21 thoughts on “Collateral Damage

  1. I don’t exactly know how, but somehow in situations like this, like you said, you just carry on. Tracy, my heart and soul ache for you and your family. I wish I had a way to make it all end. Alas, all I can offer are (((hugs))) which aren’t even as good as the real life ones I’d give you if I could. I’m so sorry.

  2. You may not know this, but I still read you every day. And every time I see a new blog post, I pray in my heart that is one filled with joy that there’s a job! There’s money! There’s hope! And every time there’s not I cry with you.

    I’m glad you and David have the kind of relationshp where you can throw lamps and it sparks intense and emotional conversation. I think that right there says you’re gonna make it through all of this…and here’s hoping and praying it’s sunshine and not a train!

  3. For the first few years of Mike’s life with us, J worked days and I worked swing shift. No daycare, just two different schedules working together. My job required weekend work, so I would usually have one day off during the week and J’s job was weekdays only so he was home during that time. It wasn’t perfect, but life isn’t either, and it worked.

    You are one of my best friends and I love you to death and to see you in this pain makes my heart hurt, but I think you should take a good hard look at that light because the tunnel that you see is just in your vision. It is the one thing you are focusing on rather than looking at the bigger picture. You may have to get a job at Walmart for a couple of years to pull you and your family through, but you will pull through. God has given you every capability to do this and the amount of people you have next to you rooting you on is solid!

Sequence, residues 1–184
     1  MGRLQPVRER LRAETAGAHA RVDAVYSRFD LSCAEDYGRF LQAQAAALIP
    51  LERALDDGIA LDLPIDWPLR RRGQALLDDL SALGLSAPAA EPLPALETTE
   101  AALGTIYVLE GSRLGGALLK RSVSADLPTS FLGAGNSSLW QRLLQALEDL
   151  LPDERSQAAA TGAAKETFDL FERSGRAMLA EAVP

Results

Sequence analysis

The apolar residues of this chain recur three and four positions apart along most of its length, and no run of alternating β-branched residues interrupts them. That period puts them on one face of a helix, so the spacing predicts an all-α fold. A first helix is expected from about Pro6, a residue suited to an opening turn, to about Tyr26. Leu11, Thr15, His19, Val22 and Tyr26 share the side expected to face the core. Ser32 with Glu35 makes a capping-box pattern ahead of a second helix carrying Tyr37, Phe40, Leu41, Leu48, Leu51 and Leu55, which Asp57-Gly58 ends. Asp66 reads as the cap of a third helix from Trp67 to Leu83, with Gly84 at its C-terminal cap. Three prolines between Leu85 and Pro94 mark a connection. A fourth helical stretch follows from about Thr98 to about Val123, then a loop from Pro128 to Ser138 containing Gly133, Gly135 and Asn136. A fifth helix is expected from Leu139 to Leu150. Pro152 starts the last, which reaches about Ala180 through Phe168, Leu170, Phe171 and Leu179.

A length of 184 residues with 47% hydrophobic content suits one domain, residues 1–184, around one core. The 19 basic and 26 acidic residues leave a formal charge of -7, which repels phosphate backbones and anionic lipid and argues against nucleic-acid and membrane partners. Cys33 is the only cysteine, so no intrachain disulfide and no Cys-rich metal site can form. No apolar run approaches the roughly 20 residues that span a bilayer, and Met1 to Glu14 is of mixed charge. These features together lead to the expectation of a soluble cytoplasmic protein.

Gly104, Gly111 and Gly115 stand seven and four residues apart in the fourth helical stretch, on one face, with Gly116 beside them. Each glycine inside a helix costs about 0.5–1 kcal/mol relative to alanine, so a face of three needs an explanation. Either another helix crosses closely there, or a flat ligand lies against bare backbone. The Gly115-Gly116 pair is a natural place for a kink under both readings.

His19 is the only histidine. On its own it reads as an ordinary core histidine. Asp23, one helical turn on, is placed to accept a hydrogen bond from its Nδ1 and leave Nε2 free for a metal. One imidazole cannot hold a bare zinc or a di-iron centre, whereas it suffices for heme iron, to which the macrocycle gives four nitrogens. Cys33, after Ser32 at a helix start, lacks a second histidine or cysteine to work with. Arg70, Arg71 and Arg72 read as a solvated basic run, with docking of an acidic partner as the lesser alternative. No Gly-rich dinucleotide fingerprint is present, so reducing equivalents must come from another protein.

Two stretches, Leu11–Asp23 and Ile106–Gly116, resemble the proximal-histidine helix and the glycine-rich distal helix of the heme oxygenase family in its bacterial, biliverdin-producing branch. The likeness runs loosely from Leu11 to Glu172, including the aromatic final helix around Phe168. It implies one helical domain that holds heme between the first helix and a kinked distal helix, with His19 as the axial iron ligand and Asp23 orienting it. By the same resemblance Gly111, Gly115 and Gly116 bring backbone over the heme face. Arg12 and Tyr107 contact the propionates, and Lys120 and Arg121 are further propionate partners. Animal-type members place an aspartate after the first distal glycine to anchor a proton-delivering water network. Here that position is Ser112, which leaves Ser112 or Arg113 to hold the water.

You have written about trust in David. You have written about trust in Bean’s teachers. You have written about trust in God and the Church. Where is the post writing about the trust you have in yourself? If the hundreds of people who read your blog daily have trust in you, don’t you think you could give it a try too?

    Just to reiterate, I love you!!

  4. I’m glad you told us about dropping your basket. I love that you know Sidalee and her mama, I know them too 🙂

    Am I of no help at all if I say I don’t know? I know people are more imporant than things and that God will make the stuff for people to keep going. Good thoughts coming from all the way across the country for you.

    As for that lamp- it can go to hell.

  5. Here are some words you might not expect: Good. It’s about time. Have you ever had a kid insist on doing something themselves, and you KNOW they can’t do it, but you just sit back and watch them try as hard as they can? Then, when they finally lose it, you step-in and help them. Not do it FOR them, but help them. Would they have learned how to do it completely if you’d have stepped-in earlier? Would they have been willing to listen and take your advice? Chances are, no. It’s been my experience that that’s the way our Heavenly Father works sometimes. He’s pleased we’re trying to make it on our own, and knows full well we can’t, but He lets us try anyway. We go about our attempt, telling people “I’m fine, I can handle this.” But when we finally reach our breaking point and have learned all we need to or can possibly learn from a situation, then turn to Him, he can step-in like a loving parent and show us how. Sometimes, the falling apart, the humility, finally letting go of our pride – is what we were supposed to learn in the first place.